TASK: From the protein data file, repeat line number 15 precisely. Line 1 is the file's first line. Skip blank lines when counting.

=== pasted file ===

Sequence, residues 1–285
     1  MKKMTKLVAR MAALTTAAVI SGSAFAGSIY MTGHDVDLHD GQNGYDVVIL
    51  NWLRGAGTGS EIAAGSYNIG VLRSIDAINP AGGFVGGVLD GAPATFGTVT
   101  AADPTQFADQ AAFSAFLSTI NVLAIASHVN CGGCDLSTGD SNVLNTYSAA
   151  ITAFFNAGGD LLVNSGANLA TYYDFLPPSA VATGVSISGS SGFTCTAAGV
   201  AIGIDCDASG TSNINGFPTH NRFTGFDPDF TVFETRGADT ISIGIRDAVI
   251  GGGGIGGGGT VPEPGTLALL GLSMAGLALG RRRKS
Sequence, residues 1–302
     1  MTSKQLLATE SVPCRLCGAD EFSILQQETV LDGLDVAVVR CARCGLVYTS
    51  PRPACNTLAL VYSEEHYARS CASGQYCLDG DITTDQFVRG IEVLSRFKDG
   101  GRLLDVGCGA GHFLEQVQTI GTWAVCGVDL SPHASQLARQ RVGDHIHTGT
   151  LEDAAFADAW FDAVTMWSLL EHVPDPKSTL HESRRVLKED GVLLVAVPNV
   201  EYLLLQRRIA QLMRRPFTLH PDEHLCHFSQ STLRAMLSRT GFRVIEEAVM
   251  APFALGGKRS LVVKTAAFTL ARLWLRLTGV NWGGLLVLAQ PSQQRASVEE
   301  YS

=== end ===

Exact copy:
   301  YS